This is especially true now when comparing media such as a mouse operated computer screen to a tablet’s touch interface to a smart phone’s surface… which have indeed become “The Extensions of Man” as the book’s prophetic subtitle suggested.
Ironically, many years later, skeuomorphic design unsuccessfully attempted to counteract the power of the new rising medium (the flat mobile device screen) by borrowing visual cues from old-timey physical world products. I’m delighted to note that the medium won, as McLuhan would have predicted, and skeuomorphic design is now buried in the ash-heap of history (Sir Jonathan Ive and Craig Federighi were the lead pallbearers at Apple).
Continuing to borrow from McLuhan, if the “content of any medium is always another medium”, what’s the right approach for a content creation strategy that will not lead us into the ash-heap of history?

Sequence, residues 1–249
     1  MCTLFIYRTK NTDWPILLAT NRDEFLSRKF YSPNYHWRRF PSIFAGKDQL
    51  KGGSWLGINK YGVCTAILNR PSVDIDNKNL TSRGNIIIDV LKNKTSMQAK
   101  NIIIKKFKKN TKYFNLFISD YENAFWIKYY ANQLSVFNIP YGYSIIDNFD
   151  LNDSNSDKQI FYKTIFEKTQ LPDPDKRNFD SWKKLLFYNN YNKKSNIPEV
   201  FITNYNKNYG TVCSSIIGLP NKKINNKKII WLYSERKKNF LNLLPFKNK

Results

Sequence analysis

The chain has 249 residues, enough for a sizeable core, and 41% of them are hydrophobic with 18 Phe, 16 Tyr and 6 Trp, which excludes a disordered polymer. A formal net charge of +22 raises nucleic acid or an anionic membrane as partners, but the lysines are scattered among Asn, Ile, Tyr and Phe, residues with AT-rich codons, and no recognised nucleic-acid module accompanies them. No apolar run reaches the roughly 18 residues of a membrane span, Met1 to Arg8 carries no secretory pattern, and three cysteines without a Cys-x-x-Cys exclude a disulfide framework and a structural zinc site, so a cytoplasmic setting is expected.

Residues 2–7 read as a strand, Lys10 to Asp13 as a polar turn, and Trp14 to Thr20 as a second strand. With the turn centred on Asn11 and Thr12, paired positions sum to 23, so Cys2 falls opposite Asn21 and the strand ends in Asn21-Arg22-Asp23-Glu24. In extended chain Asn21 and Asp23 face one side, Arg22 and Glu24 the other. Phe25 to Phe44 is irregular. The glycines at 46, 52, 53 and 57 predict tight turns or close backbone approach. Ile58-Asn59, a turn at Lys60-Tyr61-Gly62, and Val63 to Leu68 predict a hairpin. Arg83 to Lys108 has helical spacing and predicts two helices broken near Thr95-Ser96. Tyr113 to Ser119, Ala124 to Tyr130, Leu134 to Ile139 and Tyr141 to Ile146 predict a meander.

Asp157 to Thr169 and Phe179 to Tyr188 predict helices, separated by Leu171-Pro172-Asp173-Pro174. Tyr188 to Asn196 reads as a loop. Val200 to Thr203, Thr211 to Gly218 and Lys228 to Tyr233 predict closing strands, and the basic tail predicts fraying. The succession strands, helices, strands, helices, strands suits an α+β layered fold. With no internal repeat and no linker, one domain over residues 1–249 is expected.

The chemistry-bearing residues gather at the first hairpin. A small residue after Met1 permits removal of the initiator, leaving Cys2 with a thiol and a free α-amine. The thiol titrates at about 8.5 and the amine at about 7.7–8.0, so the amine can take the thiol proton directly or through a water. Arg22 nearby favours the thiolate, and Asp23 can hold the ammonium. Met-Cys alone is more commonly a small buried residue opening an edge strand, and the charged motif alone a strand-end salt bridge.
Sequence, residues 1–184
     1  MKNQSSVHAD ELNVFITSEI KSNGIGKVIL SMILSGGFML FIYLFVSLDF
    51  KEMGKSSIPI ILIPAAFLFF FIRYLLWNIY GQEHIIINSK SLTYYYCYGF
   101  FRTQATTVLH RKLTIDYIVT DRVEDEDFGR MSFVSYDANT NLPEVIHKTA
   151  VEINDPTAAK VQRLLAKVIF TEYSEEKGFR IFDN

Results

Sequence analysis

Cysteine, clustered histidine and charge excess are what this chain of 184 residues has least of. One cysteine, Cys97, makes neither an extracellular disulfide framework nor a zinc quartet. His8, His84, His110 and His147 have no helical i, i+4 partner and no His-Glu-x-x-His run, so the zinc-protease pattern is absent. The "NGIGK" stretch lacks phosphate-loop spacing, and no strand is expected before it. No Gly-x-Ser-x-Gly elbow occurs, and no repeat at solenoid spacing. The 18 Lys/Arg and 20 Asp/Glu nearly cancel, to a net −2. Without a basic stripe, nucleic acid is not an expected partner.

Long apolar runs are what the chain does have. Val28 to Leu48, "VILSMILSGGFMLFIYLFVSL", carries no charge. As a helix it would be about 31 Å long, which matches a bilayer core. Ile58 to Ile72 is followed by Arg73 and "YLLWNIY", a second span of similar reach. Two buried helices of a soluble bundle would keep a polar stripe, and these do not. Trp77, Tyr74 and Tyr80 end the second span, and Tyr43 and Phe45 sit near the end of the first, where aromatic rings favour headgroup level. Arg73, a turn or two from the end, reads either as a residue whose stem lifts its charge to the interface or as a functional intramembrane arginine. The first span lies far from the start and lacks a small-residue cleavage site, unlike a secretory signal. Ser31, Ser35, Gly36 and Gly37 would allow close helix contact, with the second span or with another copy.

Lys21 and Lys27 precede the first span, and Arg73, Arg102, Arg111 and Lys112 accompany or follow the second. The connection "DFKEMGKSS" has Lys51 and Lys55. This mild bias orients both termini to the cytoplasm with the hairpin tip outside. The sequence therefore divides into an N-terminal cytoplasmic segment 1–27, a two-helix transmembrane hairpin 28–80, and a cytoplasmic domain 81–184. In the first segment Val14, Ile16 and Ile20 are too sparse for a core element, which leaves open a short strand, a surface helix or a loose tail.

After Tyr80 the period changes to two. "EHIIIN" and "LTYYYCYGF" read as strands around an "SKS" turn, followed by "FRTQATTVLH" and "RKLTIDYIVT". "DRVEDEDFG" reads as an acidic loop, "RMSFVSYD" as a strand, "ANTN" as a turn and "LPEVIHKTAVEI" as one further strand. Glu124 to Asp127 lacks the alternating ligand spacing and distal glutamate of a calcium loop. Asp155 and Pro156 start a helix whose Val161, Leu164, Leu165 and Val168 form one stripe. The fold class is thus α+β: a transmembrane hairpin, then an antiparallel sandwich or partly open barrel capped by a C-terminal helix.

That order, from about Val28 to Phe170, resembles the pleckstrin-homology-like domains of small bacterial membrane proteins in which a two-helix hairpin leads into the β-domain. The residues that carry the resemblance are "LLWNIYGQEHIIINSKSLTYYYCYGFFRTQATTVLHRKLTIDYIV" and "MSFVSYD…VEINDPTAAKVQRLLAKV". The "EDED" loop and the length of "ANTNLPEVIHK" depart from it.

One answer that many in the recent past wrongly took to be “the answer” is to primarily optimize content strategy for Search Engine Optimization (SEO). In the hospitality arena, this may well have worked some time back, when being at the top of the first page of Search Engine Results Pages (SERPs) was the only and holy grail.
Before all my fellow SEO-lovers break into rashes, let’s stipulate that SEO is extraordinarily important. And furthermore let’s also stipulate that it’s not easy. We all hear from people that could either sell us a bridge in Brooklyn or bogus work that “guarantees” position number 1 in SERPs. One of my past clients fell for such a ploy and did see a temporary rankings increase. It wasn’t until penalties kicked in and they had to call me to direct the cleanup that it became clear that the SEO “experts” had contracted link farms in third world countries which wrote a bunch articles about “sex in <enter destination the client cared about>.”